• Don Linhorst, Ph.D. — Social work
  • Travis Loux, Ph.D. — Biostatistics
  • Dyan McGuire, Ph.D., J.D. — Criminology
  • Vithya Murugan, Ph.D. — Social work
  • Nosayaba Osazuwa-Peters, M.P.H. — Otolaryngology
  • Terri Rebmann, Ph.D. — Public health and biosecurity
  • Craig Rolling, Ph.D. — Biostatistics
  • Fred Rottnek, M.D. — Family medicine
  • Mario Schootman, Ph.D. — Epidemiology
  • Sabrina Tyuse, Ph.D. — Social work

The consortium is led by:

  • Michael Vaughn, Ph.D., Founder and Executive Director
  • Lisa Jaegers, Ph.D., O.T.R./L., Associate Director
  • Jennifer Bello Kottenstette, M.D., M.S., Clinical Medical Director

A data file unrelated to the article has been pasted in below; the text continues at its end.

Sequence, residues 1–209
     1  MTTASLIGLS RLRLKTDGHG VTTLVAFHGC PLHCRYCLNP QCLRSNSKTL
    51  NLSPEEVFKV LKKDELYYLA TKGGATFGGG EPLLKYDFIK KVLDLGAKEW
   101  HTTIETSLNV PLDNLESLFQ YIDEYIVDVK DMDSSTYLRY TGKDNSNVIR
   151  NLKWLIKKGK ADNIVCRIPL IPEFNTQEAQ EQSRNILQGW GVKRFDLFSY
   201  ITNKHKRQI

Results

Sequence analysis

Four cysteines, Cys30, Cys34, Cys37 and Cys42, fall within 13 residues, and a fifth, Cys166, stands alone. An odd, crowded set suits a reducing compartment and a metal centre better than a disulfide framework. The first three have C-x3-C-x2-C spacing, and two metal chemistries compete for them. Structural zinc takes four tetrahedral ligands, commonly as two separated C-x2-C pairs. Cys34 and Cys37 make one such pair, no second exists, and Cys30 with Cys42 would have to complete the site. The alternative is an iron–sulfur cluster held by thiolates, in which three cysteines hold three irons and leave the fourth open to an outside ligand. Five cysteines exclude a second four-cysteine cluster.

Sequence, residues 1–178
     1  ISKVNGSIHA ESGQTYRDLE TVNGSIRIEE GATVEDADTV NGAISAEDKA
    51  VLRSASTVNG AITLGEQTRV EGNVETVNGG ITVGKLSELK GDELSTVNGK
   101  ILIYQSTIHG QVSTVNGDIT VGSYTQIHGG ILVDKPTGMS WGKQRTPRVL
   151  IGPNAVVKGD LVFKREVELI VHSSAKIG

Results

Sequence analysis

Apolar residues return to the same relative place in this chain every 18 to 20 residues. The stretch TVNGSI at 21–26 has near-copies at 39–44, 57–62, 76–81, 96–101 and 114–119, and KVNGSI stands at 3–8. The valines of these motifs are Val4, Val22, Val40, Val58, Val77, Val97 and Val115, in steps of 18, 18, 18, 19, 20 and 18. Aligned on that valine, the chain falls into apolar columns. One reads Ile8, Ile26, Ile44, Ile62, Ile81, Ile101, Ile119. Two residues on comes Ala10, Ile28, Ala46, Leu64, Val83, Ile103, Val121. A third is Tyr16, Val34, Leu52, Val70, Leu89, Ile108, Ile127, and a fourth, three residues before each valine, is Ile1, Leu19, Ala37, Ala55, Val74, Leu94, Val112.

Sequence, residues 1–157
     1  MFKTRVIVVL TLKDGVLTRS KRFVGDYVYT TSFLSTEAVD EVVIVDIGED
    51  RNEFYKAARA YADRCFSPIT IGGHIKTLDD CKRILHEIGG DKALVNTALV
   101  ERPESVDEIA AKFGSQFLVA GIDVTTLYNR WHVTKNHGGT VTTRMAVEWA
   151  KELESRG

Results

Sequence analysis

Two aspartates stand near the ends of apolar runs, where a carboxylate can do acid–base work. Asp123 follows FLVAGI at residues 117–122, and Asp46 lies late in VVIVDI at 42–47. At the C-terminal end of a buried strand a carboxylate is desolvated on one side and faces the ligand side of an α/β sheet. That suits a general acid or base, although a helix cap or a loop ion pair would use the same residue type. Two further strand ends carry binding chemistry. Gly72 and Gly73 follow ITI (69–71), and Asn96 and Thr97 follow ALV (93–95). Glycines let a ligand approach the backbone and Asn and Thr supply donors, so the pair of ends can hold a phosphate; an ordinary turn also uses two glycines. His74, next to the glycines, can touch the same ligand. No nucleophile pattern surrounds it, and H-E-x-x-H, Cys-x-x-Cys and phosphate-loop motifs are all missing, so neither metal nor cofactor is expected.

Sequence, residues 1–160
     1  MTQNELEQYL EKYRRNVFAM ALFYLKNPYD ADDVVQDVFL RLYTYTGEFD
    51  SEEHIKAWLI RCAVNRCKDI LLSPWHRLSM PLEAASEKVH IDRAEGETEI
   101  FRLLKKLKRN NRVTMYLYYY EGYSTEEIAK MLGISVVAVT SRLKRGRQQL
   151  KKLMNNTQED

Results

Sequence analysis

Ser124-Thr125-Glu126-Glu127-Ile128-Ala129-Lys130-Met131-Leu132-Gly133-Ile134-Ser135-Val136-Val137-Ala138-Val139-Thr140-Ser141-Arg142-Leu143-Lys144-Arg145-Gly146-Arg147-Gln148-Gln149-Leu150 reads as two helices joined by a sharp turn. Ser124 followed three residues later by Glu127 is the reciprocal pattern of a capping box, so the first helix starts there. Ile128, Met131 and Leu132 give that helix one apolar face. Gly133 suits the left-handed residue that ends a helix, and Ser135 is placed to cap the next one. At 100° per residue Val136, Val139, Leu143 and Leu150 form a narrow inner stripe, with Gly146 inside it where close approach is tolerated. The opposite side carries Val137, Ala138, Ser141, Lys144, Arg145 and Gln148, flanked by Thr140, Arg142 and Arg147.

• Brandy Maynard, Ph.D., Evidence Synthesis Director
External Fellows
  • Ingrid, Binswanger, M.D., M.P.H., Senior Investigator, Institute for Health Research, Kaiser Permanente Colorado
  • Lauren Brinkley-Rubinstein, Ph.D., Assistant Professor, Department of Social Medicine, University of North Carolina at Chapel Hill School of Medicine
  • David Córdova, Ph.D., Assistant Professor, School of Social Work, University of Michigan
  • Matt DeLisi, Ph.D., Professor, Department of Sociology, Iowa State University
  • Ernest Drucker, Ph.D., Research Scientist and Professor of Public Health, College of Global Public Health, New York University
  • Tracy Gunter, M.D., Associate Professor, Department of Psychiatry, Indiana University
  • Dylan Jackson, Ph.D., Assistant Professor, Department of Criminal Justice, The University of Texas at San Antonio
  • Ryan C. Meldrum, Ph.D., Associate Professor, Department of Criminal Justice, Florida International University